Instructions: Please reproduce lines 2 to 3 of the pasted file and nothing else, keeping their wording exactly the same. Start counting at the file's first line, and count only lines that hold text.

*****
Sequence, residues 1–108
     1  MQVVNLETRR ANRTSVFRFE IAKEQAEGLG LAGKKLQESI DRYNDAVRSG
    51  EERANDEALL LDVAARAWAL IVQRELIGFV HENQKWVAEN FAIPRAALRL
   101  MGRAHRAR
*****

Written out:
     1  MQVVNLETRR ANRTSVFRFE IAKEQAEGLG LAGKKLQESI DRYNDAVRSG
    51  EERANDEALL LDVAARAWAL IVQRELIGFV HENQKWVAEN FAIPRAALRL